the artistic process
art of the camera, scanners and printing.
I first started this work using various Canon 35 mm cameras with state of the art lenses and filters (UV and Polarizer). Shooting primarily on transparency film (slides), this method to capturing landscape photography is one of the best ways of “seeing light”. With experience I developed a visual feeling and style based on how quality of the air and the direction of light make flowers read on film. Over the decades I’ve learned to temper the initial excitement and impulse to shoot flowered landscapes, using judgment and thought.
I enjoy using the 35 mm for its spontaneity and specific cropped viewpoints but then there are times when the Fuji GX617 panorama is the best camera of choice.
Studies have shown this horizontal panorama (three to one ratio) is the most realistic to the human eye when viewing. It’s likened to actually seeing the scene or being there in person. Couple this with ultra fine details of hundreds or thousands of flowers visible in the large high-resolution print and you have a one heck of a viewing experience.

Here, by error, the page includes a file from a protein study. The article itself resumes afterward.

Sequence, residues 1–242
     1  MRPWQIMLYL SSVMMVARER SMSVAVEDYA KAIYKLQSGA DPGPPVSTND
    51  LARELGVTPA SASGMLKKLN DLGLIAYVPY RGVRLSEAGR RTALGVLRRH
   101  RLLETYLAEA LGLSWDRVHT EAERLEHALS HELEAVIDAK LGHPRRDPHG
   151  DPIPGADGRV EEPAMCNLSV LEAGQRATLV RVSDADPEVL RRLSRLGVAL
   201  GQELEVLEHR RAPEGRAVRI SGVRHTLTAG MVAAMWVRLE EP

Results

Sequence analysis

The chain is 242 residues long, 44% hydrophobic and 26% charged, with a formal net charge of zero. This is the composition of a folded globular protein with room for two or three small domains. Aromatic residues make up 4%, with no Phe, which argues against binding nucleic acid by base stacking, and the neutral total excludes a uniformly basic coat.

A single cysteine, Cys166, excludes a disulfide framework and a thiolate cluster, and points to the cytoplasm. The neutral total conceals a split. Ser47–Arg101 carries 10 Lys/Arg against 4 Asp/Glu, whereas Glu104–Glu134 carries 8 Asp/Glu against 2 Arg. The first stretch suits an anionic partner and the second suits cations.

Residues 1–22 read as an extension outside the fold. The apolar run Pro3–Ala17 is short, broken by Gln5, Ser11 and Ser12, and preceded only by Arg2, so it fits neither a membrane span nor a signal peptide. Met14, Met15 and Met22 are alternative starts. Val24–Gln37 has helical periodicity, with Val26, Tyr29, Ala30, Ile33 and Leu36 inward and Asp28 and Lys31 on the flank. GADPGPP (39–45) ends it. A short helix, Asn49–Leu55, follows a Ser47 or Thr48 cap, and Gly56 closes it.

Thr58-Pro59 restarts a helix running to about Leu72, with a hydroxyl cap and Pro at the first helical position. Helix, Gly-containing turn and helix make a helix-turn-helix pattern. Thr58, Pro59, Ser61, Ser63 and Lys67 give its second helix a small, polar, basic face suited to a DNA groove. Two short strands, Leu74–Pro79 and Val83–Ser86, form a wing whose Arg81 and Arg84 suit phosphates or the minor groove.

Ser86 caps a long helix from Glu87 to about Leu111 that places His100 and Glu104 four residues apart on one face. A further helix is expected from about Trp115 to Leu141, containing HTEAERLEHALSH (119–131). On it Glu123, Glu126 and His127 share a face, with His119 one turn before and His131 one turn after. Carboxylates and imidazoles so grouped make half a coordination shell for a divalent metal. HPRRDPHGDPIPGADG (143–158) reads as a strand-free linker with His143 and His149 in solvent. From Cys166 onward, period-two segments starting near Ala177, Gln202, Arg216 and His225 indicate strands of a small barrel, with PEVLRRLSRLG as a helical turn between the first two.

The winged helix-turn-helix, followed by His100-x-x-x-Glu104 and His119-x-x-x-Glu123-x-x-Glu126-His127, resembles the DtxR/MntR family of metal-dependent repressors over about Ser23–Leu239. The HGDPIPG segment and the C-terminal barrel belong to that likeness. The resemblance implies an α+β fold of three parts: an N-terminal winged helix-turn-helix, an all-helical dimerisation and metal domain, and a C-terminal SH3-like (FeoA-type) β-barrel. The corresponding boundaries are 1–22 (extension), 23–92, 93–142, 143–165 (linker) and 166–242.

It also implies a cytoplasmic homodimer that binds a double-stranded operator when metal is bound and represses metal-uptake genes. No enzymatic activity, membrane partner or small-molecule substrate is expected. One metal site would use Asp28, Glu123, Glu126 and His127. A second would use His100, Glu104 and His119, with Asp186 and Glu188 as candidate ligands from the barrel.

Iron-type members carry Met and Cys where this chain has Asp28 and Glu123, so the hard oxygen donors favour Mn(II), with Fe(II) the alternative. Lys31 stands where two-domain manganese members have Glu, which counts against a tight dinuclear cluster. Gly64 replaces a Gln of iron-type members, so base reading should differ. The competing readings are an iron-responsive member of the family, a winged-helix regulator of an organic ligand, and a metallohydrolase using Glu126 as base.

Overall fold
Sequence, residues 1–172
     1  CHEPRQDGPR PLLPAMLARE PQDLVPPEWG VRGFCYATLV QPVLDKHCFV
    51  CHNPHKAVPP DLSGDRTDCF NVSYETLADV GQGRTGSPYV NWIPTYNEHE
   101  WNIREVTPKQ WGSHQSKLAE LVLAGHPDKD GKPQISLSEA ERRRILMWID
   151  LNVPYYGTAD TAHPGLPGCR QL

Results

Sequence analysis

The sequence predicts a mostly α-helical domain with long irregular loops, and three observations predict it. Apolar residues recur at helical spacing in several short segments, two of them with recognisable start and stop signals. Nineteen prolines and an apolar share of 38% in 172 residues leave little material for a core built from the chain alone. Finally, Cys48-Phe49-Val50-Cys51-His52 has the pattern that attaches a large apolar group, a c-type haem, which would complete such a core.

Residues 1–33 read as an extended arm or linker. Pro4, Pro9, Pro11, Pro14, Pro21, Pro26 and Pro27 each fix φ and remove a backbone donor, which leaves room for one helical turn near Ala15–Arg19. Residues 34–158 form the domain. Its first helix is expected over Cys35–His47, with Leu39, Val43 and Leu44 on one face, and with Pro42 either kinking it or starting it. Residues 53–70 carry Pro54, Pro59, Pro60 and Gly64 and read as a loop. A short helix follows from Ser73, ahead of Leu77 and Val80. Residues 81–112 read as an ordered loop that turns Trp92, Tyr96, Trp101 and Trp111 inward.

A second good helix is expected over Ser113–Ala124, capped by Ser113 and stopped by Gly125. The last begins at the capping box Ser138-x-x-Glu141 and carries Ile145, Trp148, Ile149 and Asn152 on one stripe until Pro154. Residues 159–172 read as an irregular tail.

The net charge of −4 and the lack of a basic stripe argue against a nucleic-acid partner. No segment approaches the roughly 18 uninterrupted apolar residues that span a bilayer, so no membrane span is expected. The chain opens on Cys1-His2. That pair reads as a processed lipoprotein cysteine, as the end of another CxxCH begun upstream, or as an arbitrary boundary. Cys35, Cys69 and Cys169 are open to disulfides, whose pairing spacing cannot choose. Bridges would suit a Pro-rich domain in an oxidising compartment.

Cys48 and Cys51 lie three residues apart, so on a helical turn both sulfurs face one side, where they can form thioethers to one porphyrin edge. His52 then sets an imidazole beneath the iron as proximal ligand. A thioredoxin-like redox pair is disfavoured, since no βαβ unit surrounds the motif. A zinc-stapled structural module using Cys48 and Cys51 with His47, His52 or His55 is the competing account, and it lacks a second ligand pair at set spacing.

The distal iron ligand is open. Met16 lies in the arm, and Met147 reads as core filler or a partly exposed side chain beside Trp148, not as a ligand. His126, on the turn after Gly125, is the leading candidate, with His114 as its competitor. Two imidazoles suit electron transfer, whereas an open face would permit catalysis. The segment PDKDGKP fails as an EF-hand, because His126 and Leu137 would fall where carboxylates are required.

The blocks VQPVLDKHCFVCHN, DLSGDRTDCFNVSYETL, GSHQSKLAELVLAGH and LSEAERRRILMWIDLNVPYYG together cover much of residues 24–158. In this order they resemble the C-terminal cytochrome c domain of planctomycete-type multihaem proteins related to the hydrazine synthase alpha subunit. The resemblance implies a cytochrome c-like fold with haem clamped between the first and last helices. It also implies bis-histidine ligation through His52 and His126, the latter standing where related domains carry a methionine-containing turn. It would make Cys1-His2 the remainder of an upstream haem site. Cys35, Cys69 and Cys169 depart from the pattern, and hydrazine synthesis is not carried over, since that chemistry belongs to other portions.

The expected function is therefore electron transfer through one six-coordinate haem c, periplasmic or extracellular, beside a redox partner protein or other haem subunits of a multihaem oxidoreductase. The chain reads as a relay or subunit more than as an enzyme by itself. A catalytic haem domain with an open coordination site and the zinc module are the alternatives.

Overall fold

Often I am asked, “Are these the real colors? Are you manipulating them?” Occasionally I’ve heard, “Places like this, they don’t really exist?” Fortunately for the record, I’ve got the archived transparencies to prove it. Once doubters look at an original slide through a viewing loupe, they are very surprised. Using the polarizer filter during image capture allows the photographer to remove some of the haze, glare and hotspots that the human eye is flooded with.
I scan all the images myself with state of the art scanners (Nikon 4000 and Flextight 949) to achieve the best quality high-resolution image. Scanning this film format/size has required my custom building of a computer that can handle the 2 gigabyte image files that are required for large prints.
my art prints
I used to burn and dodge Cibachromes, but now my print of choice is with an Epson 7600 Ultrachrome printer. Inkjet prints have wider contrast range and subtler details when compared to traditional darkroom technique. With many exciting advances happening on inkjet paper choices, I’ve found the Epson Premium Glossy Heavyweight paper to produce the clearest image details that I find necessary for landscapes of intricate flowers and plants. The Epson PGH paper allows for a sharper image than a matt art paper which I believe softens the detail considerably.
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